And paranoia. Hence the birther controversy. Some conservatives hate Obama so much that they are willing to accept anything bad you say about him. Just as many on the right believed Clinton was implicated in Arkansas cocaine-smuggling and in the death of Vince Foster, his deputy White House counsel, and others. His enemies called it the “Clinton body count.”

Obama was elected with a clear majority, so his enemies have taken to challenging his legal qualifications to be president.

The release of Obama’s long-form birth certificate will not end the controversy. Paranoid people don’t respond to facts. Obama probably did it to satisfy the nonparanoid majority — and showcase Donald Trump as the wacky face of his opposition. (Most of Obama’s jokes Saturday night were targeted at Trump — who sat scowling in the audience at The Washington Post’s table.)

Public opinion polls don’t measure intensity well. They can tell you the number of people on each side — but not whether they feel so strongly that the issue is likely to drive their vote. That’s what matters to politicians.

Let’s say you take a poll of your constituents, and it shows that 75 percent support gun control. Doesn’t it make sense for you to support sensible gun control? Not necessarily.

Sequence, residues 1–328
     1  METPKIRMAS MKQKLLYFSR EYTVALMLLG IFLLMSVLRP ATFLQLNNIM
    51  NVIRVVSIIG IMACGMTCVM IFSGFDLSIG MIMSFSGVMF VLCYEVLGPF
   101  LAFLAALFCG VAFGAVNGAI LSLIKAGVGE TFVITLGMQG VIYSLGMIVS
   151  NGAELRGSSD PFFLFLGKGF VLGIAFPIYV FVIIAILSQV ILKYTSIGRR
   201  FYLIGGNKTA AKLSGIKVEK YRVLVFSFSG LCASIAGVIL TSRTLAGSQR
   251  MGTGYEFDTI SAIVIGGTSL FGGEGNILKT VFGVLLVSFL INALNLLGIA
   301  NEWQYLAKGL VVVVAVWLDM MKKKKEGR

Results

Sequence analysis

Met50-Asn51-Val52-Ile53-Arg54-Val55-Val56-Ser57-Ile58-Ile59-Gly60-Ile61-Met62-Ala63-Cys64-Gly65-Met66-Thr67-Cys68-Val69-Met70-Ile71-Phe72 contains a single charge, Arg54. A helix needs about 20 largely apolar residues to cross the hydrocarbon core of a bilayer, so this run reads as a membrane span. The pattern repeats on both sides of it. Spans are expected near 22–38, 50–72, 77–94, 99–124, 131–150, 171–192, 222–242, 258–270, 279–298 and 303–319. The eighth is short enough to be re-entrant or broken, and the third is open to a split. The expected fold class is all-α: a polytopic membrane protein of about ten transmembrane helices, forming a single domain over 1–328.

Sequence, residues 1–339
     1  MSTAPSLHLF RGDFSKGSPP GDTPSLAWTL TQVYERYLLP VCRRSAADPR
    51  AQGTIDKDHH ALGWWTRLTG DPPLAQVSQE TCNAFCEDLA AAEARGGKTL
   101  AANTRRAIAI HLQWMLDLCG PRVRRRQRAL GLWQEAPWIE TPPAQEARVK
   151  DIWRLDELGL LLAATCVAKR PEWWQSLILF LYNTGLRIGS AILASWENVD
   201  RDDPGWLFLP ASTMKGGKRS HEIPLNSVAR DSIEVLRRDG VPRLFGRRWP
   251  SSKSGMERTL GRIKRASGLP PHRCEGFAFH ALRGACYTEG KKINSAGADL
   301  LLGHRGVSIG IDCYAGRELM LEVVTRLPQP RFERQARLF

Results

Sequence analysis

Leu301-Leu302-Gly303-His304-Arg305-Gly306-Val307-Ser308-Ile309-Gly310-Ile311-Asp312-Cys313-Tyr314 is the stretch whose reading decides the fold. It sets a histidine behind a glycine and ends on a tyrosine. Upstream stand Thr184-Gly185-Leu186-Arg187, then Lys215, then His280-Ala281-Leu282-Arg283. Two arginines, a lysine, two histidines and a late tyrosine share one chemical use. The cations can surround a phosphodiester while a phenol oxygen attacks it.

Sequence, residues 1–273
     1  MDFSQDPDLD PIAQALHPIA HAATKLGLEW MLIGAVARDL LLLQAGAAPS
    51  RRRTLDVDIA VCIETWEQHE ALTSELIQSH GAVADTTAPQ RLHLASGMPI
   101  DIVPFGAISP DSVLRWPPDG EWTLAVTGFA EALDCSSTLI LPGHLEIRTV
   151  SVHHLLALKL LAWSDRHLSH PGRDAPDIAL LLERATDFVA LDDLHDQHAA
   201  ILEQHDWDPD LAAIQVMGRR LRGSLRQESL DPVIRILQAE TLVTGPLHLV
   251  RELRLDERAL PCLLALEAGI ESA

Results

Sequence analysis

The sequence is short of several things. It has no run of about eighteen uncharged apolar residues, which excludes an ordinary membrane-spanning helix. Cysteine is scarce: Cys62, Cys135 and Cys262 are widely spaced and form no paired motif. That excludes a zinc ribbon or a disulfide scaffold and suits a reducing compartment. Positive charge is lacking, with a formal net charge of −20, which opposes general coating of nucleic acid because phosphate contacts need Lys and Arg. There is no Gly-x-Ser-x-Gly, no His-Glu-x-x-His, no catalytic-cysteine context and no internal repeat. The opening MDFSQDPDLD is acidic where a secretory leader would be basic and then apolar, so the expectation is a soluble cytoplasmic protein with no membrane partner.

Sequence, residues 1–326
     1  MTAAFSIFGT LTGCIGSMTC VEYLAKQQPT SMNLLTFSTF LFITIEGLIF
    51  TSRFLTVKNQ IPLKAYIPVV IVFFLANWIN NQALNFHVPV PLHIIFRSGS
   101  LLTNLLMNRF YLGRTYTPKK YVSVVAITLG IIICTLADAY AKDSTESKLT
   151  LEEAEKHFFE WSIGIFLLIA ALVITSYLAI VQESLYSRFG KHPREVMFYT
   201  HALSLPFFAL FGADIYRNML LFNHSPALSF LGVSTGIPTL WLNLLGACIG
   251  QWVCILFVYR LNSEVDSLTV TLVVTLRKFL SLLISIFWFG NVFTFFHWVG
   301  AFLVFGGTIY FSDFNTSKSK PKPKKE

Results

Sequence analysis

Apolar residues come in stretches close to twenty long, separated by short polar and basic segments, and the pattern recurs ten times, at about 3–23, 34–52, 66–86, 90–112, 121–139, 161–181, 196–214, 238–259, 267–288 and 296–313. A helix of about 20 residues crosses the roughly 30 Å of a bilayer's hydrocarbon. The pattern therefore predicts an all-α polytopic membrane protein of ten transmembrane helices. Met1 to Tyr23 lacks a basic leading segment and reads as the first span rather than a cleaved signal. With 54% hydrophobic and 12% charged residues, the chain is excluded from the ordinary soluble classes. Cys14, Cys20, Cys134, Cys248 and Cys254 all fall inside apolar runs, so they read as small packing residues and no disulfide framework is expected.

If you do, you are likely to write off a lot of votes from the minority who disagree with you — and who could vote against you for that reason alone. You are not likely to gain many gun control supporters who will vote for you for that reason alone. It’s a voting issue for the minority, not the majority.

That can change after a sensational incident of gun violence like the shootings in Tucson or at Virginia Tech. Suddenly, there is a passionate constituency demanding new gun laws. But their passion is usually not sustained. And politicians know it. They also know the gun owners are always there — and always watchful.

Take the issue of same-sex marriage. Polls this year reveal that a majority of Americans, for the first time, now favor equal marriage rights for same-sex couples.

But the issue has been put to a popular vote in 31 states. And same-sex marriage has lost every time — most recently in Maine in 2009. The implication: It has been more of a voting issue for opponents than supporters.